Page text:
POINT BY POINT SUMMARY
Prepared by Rabbi P. Feldman
of Kollel Iyun Hadaf, Yerushalayim
Rosh Kollel: Rabbi Mordecai Kornfeld
Ask A Question on the daf
Previous daf Avodah Zarah 47
1) DOES "SHINUY" PERMIT THINGS TO BE USED IN THE MIKDASH?
(a) Answer #1 (Mar Zutra brei d'Rav Nachman - Mishnah): Any
animal disqualified from being a sacrifice, its offspring
are not disqualified;
1. (Beraisa - R. Eliezer): They are forbidden.
(b) Rejection (and Answer #2): Rav Nachman taught, they argue
when the animal became pregnant *after* it became
2. Version #1: (They argue whether or not the Shinuy of
birth permits a fetus in an animal that became
disqualified, and similarly, whether or not Shinuy
permits the wheat.)
1. If it was pregnant *when* (it became disqualified
because) a man had relations with it (or it gored or
was Ne'evad), all agree that the calf is
(c) Rejection: That is no proof - a calf being born is not a
Shinuy, it merely left when the door (of the womb)
2. The Shinuy of birth does not permit the calf - here
also, it does not permit the wheat!
3. Version #2: They argue when the animal became
pregnant after it became disqualified;
i. If it was pregnant when a man had relations
with it, all agree that the calf is
ii. The Shinuy of birth does not permit the calf -
here also, it does not permit the wheat!
1. Wheat that was turned into flour changed, perhaps it
(a) Question (Reish Lakish): If a Nochri bowed to a date
tree, may a Lulav of the tree be used for the Mitzvah?
3) A COMMON WALL WITH A HOUSE OF IDOL-WORSHIP
1. If the tree was initially planted to be worshipped,
it is forbidden to benefit from it, surely one may
not use it for the Mitzvah;
(b) (Rav Dimi): His question was about an Asheirah that was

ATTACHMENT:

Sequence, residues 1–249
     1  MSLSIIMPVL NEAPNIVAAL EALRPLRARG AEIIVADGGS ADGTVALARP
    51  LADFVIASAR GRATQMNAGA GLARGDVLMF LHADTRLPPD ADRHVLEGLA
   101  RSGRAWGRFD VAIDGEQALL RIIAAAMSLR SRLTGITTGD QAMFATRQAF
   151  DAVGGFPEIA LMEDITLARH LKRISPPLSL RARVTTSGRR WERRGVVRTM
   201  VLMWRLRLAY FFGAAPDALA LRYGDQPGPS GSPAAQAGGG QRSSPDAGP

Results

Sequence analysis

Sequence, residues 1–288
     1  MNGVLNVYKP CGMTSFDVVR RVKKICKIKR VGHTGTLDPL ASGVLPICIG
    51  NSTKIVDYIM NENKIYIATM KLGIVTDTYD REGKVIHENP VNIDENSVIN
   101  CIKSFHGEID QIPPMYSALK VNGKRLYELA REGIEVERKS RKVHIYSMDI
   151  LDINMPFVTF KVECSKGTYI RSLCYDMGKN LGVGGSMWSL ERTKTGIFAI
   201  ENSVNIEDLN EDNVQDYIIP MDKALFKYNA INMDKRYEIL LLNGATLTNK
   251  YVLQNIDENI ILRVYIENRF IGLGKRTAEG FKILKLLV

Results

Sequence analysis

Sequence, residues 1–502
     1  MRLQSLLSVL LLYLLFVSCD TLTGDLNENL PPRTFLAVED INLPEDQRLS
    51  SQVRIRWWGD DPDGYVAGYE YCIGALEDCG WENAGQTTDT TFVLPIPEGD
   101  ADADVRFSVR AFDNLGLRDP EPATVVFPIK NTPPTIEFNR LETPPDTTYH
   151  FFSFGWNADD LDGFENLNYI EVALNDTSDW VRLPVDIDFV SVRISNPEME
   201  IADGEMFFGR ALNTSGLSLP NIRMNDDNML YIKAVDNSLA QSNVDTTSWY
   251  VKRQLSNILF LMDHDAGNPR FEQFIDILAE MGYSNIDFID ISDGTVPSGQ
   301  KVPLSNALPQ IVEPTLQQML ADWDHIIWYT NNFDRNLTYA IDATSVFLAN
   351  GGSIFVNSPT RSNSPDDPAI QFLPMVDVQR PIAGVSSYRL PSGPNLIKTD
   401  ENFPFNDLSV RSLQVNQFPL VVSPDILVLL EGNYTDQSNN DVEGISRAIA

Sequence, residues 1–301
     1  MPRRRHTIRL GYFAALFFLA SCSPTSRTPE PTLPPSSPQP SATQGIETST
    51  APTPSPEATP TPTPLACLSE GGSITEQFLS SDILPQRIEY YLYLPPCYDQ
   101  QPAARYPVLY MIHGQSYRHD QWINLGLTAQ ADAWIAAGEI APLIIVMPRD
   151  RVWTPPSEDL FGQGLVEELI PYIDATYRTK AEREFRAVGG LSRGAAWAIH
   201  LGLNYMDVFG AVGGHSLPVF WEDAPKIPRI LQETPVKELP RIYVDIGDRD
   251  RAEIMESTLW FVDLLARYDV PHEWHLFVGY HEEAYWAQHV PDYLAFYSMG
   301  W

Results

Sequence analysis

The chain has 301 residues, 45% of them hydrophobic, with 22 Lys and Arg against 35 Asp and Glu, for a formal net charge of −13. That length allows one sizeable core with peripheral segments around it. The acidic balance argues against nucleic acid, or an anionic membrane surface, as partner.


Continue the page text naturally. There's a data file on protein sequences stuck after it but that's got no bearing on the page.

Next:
nullified: does Dichuy apply to Mitzvos (if something was
disqualified from being used for a Mitzvah, after the
reason disqualifying it goes away, may it be used for the
2. The question is if the tree was planted and later
i. According to R. Yosi b'Rebbi Yehudah, it is
forbidden to benefit from it, surely one may
not use it for the Mitzvah;
ii. The question is according to Chachamim: is it
repulsive to use for a Mitzvah, or not?
1. Question: Why didn't he settle the question from a
(c) His question is not resolved.
i. (Mishnah): If one covered the blood and it
became exposed, he need not cover it again; if
the wind (blew dirt and) covered it, he must
2. Answer: He knew that Dichuy does not apply there;
ii. (Rabah bar bar Chanah): This is only if it
became uncovered - if not, he is exempt.
iii. Question: Even if it becomes uncovered - once
the Mitzvah was lost, it should not return!
iv. Answer (Rav Papa): This teaches that if a
Mitzvah cannot be performed now, and later it
can be performed, the Mitzvah applies.
i. He was unsure if the Tana was certain about
this, or if he was in doubt (and requires
covering the blood in case the Halachah is that
Dichuy does not apply).
(d) Question (Rav Papa): If a Nochri bowed to an animal, may
its wool be used for Techeiles?
1. Question: For what use of Techeiles does he refer?
(e) Question (Rav Papa): May its wool be used for Techeiles,
may its horns be used for trumpets, its thigh bones for
flutes (for Leviyim to play in the Mikdash), its
intestines for strings for harps?
i. If for the garments of the Kohanim - this is
like Rami bar Chama's questions (if Ne'evad
applies to things used for the Avodah, and if
2. Answer: Indeed, there was no Chidush to this
question; he only asked it among other questions.
ii. If for a person to put on his Tzitzis - this is
Reish Lakish's question (of Dichuy with respect
to Mitzvos, and the question of Shinuy)!
1. According to the opinion that the primary Mitzvah of
Shirah of the Leviyim is to play instruments, surely
it is forbidden;
(f) This question is not resolved.
2. The question is according to the opinion that the
primary Mitzvah of Shirah of the Leviyim is to sing.
i. Since the instruments merely enhance the
voices, it is permitted;